Since the Apache Software Foundation came into being, it has played a developmental role in how open source communities collaborate to create great, practical software. Today Apache HTTP is the most popular web hosting platform in the world and is used across industries and sectors to host all types of applications. Below we will explore some common Apache applications and best practices that may help you overcome obstacles in your own Apache environment.
What Is Apache HTTP Server?
Apache HTTP Server is the world’s most used web hosting platform. Now commonly referred to as simply “Apache,” the open-source software project began in 1995 and by 2016 was estimated to power nearly half of the world’s web servers. Without Apache, the World Wide Web that gives us the www URL prefix would have been a far slower process and exponentially more expensive.
Originally developed for use with Unix, Apache is now a cross-platform solution for hosting and developing web applications. Its international community of open source contributors and security specialists make it an affordable, dependable backbone for web services. Below we will take a look at some popular aspects and features of Apache and how to put them to work in your environment.
Expand Server Capabilities with Apache Tomcat
Apache HTTP Server has more than 20 years of proven reliability providing essential web services, but the advent of the Java interactive scripting language required more than basic HTTP functionality. Enter Apache Tomcat, a Java Server Page (JSP) and Java servlet server that can run alone or be configured to pair with existing Apache HTTP servers to add power.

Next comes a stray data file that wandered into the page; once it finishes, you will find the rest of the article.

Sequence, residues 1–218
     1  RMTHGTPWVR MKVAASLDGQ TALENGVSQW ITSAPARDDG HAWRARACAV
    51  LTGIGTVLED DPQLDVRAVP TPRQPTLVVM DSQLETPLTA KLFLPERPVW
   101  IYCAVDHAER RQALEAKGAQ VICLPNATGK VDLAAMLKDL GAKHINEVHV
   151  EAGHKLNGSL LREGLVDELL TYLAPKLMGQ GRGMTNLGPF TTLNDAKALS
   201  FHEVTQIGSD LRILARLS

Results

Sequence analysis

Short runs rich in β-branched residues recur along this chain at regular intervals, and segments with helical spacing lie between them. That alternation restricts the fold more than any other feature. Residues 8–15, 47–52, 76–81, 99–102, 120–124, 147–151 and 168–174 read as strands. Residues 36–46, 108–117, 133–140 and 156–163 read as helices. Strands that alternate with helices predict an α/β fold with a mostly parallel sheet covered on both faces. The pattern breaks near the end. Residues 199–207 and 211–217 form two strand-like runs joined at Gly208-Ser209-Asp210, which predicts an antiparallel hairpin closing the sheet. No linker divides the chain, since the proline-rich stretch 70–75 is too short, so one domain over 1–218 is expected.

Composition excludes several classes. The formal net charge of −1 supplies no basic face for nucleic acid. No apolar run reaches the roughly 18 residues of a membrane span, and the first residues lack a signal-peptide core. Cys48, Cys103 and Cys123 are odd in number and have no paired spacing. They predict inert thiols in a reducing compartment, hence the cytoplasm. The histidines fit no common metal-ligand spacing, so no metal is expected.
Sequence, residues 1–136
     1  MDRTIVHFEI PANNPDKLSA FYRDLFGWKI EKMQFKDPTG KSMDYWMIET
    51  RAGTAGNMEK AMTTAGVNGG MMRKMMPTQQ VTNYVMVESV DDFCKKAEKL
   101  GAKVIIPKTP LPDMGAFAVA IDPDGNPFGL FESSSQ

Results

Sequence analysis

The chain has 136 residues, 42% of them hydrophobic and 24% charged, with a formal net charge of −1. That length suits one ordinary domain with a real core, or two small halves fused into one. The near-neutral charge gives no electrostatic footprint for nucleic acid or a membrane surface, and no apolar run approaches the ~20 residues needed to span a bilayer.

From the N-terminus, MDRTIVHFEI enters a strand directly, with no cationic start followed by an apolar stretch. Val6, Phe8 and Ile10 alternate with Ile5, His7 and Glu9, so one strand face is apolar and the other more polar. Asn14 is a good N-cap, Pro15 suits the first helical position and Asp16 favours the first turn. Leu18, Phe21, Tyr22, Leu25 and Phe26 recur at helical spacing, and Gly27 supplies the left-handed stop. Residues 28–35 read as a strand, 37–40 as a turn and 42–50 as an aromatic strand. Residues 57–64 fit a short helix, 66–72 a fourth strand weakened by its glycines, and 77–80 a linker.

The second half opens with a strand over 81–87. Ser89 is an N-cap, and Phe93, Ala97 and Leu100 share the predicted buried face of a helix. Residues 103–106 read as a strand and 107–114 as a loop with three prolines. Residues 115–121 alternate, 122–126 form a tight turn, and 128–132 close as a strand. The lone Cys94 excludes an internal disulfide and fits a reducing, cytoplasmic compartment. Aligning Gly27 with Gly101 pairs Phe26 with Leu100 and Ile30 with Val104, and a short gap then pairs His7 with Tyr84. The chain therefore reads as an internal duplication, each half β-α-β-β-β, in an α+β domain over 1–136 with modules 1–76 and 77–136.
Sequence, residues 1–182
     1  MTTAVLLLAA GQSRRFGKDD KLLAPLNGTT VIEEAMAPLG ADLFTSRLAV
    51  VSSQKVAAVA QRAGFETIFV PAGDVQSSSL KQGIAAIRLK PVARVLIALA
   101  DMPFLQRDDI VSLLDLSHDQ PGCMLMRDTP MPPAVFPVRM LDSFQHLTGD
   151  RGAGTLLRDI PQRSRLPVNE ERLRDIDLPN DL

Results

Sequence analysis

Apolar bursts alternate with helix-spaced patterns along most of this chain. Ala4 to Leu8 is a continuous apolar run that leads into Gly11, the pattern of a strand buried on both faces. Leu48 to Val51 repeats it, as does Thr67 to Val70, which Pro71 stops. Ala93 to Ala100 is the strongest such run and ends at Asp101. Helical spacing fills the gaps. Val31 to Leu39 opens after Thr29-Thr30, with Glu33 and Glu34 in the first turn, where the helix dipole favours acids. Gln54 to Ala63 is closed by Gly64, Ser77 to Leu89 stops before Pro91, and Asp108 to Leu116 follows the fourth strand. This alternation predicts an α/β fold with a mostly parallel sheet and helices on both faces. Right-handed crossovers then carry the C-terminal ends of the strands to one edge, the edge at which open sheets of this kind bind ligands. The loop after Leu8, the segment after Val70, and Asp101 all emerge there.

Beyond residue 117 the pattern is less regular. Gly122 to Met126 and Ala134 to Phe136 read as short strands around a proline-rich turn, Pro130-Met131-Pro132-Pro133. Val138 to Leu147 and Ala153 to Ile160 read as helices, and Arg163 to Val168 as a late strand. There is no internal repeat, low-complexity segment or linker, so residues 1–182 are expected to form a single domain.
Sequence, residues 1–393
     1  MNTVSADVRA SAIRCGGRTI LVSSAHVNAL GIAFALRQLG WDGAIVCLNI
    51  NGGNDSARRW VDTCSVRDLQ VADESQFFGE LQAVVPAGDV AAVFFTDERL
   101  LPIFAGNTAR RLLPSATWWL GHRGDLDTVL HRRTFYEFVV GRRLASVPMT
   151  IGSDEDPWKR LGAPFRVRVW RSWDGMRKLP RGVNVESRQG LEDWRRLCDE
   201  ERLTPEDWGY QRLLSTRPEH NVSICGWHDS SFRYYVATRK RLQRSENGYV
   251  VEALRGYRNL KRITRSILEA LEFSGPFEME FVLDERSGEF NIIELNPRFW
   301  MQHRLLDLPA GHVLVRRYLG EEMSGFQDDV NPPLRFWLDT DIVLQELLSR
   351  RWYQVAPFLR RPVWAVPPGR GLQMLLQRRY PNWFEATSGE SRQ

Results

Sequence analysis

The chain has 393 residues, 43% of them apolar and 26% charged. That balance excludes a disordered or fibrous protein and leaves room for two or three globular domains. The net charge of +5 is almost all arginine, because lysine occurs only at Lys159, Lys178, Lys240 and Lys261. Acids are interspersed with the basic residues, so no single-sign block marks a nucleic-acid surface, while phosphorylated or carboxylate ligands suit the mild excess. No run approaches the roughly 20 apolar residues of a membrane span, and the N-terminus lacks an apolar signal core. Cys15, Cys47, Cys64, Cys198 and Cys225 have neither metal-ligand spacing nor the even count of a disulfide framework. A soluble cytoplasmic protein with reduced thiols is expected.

Apache Tomcat seamlessly processes incoming JSP and servlet requests in a designated container and passes the ensuing data to the section of the web delivery pipeline with no disruption to the end user experience.
Data Storage in Apache
Scalable, fault-tolerant data storage is a cornerstone of any modern network environment. Apache addresses this need with Cassandra, the durable and decentralized storage and management system, which serves some of the world’s largest tech companies.
Apache Cassandra relies on a powerful network of data centers strategically positioned around the world to provide unsurpassed fault tolerance. For instance nodes impacted by power outages or natural disaster are automatically replaced from partner sites, resulting in zero downtime. This unparalleled reliability has made Cassandra, a NoSQL database, the go-to data storage solution for major companies such as eBay, GoDaddy, and Netflix and it hosts more than 2500 nodes and serves more than a trillion requests per day.